An evil shapeshifting spirit or shadow-being with the capacity of possessing the body of the recently deceased, the Mourioche belongs to the Breton folklore. Despite its notoriety, nobody is really sure where the Mourioche came from. Some say that the Mourioche was once a person, versed in the dark arts, who sold their soul for a magical potion; others think this person was afflicted by a curse similarly to that of the werewolves, having the ability to change shapes but without control of his actions, and there are those who claim that he is the Devil himself.
The Mourioche has haunted Brittany for centuries, spreading its terrifying sense of humor along the coastlines of Côtes-d’Armor and the lakes of Jugon-les-Lacs. It loves using his powers in creative ways to scare farmers and people searching for seashells along the coast. As a shapeshifter, there is no end to the forms the Mourioche can assume, but when on land it’s usually seen in the form of a yearling colt, pig, cow, or sheep, often with a pair of muscular arms, while it prefers the shape of water-horse when he rests underwater.
The Mourioche has nocturnal habits, preferring the dark hours to prey on unsuspecting travelers. Sometimes it shows as a horse, standing by the side of the road, waiting for riders, taking as many people as it can while its spine stretches as more and more people get on its back. Then, much as the Nikur, the Mourioche gallops right into a lake or the sea to drown the people ridding on it, all while its terrifying laugh echoes in the darkness.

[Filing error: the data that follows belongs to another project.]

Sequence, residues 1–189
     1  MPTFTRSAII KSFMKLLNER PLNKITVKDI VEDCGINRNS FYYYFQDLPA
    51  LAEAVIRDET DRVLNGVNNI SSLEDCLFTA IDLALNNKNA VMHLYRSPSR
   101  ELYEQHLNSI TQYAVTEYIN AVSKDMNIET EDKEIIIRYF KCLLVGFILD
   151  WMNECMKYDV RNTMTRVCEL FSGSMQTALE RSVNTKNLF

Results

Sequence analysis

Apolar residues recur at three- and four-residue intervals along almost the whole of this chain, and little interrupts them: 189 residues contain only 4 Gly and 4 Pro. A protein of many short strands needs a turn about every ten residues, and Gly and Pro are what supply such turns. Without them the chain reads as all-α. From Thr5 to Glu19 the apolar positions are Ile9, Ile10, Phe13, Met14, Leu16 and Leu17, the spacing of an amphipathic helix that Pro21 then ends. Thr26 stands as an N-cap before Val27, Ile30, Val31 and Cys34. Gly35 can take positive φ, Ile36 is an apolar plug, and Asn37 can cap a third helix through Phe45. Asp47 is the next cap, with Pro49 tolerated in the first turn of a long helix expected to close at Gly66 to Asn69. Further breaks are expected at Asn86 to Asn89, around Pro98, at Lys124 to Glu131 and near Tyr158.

At other times, it prefers to wrestle with the passers-by, throwing its victims into muddy ditches.
It will also jump onto men’s back and force them to carry him until they drop of exhaustion, and during the new moon when darkness is denser, it’ll follow people along the road, changing shape every time they turn to look at it.
The cruel pranks of the Mourioche, its favorite form of entertainment, have cost the life of many farmers. In the small community of Saint-Cast-le-Guildo, a farmer once found the Mourioche in the form of an abandoned sheep, and took it home to his barn. The next day, when he went to check on his new sheep, he found a cow; the day after, it had become a horse. On the fourth night, it was a sheep again, but this time it laughed and said “Why do you check on me every morning? You’re weird!” It was then that the farmer saw that all his animals had been slaughtered. He reached for his shotgun, but the Mourioche took off, destroying half the barn and abducting the farmer’s three children.
The Mourioche has a few weaknesses. It’s baffled by anyone who doesn’t fear him. One time it took a tailor on his back into a lake, but when the tailor threatened to cut its ears off with his scissors, the Mourioche returned him to dry land very quickly.
However, one f the cruelest pranks the Mouriche would play of people, is possessing the body of a recently deceased relative to scream insults at the family and run after the fearful children present at the wake.
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-Sébillot, P. (1968) Le folklore de la Bretagne. Éditions G. P. Maisonneuve et Larose, Paris.